Back formations


WHICH came first, the chicken or the egg? The answer – in fact, any answer – is debatable, given that natural science is unlikely to yield clues to the answer.

Such, however, is not the case when we consider a word and its seeming derivative. Which came first can be answered from a study of their etymology – which brings us to the topic spelt out in the above title.

Back-formation is the formation of a word from an existing word in such a way that the latter seems to have been derived from the former – in the manner that I could call “a reverse mode”. A word so formed is also known as a back-formation.

A back-formation is revealed by the fact that the date of its first use is preceded by that of its apparent derivative (Chalker, S. & Weiner, E., 1998. Oxford Dictionary of English Grammar).

The said book gives examples of back-formations (with dates of first use abbreviated by a letter-and-number code the letters E, M, and L meaning “early”, “mid”, and late”; and the numbers indicating the century, e.g. “E19” meaning “1800-1829”, “M19” meaning “1830-1869”, and L19 meaning “1870-1899”), as follows: burgle (L19) from burglar (M16), caretake (L19) from caretaker (M19), housekeep (M19) from housekeeping (M16), liaise (E20) from liaison (M17), reminisce (E19 from reminiscence (L16), shoplift (E19) from shoplifting (L17).

Back-formations may arise in the following ways:

> By removing the prefix from the originating word, e.g. couth from uncouth, gruntled from disgruntled. Note that kempt may be deemed a back-formation from unkempt, but that there is no trepid as a conceivable back-formation from intrepid.

> By removing the derivational suffix from the originating word, e.g. analyse from analysis, cobble from cobbler, eponym from eponymous, euthanase from euthanasia, jell (a variant spelling of gel) from jelly, metamorphose from metamorphosis, partake from partaker, peddle from peddler, resurrect from resurrection, sculpt from sculptor, temp (meaning “a person working as an office worker on a temporary basis”, or “to work as such person”) from temporary, typewrite from typewriter, upholster from upholsterer, and vire from virement.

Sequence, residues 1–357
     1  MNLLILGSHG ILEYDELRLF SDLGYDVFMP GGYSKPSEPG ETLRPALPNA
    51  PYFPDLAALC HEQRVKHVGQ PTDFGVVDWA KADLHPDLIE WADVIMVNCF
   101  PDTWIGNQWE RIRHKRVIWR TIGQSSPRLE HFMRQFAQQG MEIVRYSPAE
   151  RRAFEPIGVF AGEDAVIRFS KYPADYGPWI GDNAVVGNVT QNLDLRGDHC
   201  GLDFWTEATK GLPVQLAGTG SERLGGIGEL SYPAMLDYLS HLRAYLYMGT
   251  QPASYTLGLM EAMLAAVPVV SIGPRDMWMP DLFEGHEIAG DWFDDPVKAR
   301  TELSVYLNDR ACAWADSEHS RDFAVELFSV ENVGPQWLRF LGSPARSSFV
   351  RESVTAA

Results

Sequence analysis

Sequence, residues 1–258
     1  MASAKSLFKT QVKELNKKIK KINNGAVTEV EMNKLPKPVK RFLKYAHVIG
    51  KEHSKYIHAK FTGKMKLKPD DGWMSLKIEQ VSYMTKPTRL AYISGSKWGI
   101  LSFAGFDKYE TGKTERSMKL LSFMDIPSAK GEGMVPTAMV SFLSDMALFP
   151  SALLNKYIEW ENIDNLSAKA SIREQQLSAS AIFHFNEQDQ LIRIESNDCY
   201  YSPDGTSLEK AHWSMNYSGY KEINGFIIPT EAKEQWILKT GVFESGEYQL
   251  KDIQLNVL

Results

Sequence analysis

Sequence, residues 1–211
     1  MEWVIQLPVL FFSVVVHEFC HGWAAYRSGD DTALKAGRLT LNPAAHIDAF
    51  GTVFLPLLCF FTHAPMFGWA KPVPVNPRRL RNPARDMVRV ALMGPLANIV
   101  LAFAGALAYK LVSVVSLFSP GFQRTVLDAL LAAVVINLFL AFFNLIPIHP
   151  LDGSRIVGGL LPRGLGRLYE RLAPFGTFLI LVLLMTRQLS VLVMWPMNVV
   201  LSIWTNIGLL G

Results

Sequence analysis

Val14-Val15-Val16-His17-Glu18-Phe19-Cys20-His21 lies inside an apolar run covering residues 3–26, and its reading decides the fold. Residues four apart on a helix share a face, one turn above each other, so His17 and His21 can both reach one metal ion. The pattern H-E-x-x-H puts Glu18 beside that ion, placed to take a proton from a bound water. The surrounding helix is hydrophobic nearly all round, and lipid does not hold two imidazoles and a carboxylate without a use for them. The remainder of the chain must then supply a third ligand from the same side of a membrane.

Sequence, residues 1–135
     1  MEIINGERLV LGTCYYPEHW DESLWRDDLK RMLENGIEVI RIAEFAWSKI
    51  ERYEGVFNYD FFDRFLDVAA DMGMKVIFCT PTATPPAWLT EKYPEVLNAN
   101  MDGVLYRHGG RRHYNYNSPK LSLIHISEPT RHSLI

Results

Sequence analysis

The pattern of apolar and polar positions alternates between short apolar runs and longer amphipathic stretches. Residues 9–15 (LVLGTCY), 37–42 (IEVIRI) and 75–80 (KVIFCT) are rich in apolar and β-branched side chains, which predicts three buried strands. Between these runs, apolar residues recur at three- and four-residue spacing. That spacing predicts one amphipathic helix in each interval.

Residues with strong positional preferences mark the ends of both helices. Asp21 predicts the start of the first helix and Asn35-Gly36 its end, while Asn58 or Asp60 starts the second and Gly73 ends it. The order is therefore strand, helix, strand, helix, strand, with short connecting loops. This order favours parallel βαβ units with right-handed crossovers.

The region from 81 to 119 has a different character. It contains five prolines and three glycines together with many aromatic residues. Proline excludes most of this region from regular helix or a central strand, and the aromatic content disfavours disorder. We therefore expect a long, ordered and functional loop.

> By removing the apparent or notional suffix from the originating word, e.g. gyp (a verb) from gypsy, and sidle from sid(e)ling (equated with the adverb sidelong, the latter treated as if it were a present participle, ref. Chambers Twentieth Century Dictionary, 1974).

It must be pointed out that a back-formation is different from a word derived by clipping an existing word in one of the following ways:

> Aphaeresis, i.e. clipping off the initial syllable(s) of an existing word, as in bus from omnibus, and plane from aeroplane).

> Syncope, i.e. clipping off the middle syllable(s) or phoneme(s) of an existing word, as in bosun from boatswain, and fo’c’s’le from forecastle).

> Apocope, i.e. clipping off the final syllable(s) from an existing word, as in exam from examination, fax from facsimile, gym from gymnasium, perk from perquisite, photo from photograph, tarmac from tarmacadam, and vocab from vocabulary.

The key difference between back-formation and apharesis, syncope or apocope is that no inflections, real or notional, are involved in the latter. (See the article Milngavie and ‘mogai’ in MOE, 16 May 2008.)

There is a rather interesting back-formation of modern origin (M20), viz. the verb destruct, which apparently is a back-formation not from the base verb destroy but from its abstract noun destruction.

This word seems to have become commonplace, following from the American TV series, Mission Impossible, with its signature conclusion to taped assignment message: “This tape will self–destruct in five seconds.”

The word destruct appears, of course, in American English dictionaries but apparently not in most British English ones – except in the recent Concise Oxford English Dictionary, 2004.

The verb stenog, no doubt a back-formation from stenographer, was used by the American writer O. Henry in his short story, Springtime A La Carte. It does not seem to exist in any dictionary, whether British or American.

Here are some other curious back-formations: administrate (even though the usual form is administer) from administration, curate from curator, spectate from spectator, and tweeze from tweezer. And then there is the spurious back-formation, surveil (from surveillance), which I once encountered in a newspaper report.

Closing notes

It will have been noted, from the above outline, that back-formation is a valid word-creating device in many instances. We could adopt it for one notable word commonly heard in Malaysian English, viz. the verb stinge, no doubt a back-formation from stingy, meaning “to be stingy” or, in standard English, “to stint”.

Hey, this Malaysian coinage, stinge, could even be conceived as a portmanteau word made up of stint + sting(e)y. What with its usefulness as a verb and its respectable etymology, the word stinge deserves to be in the dictionary!

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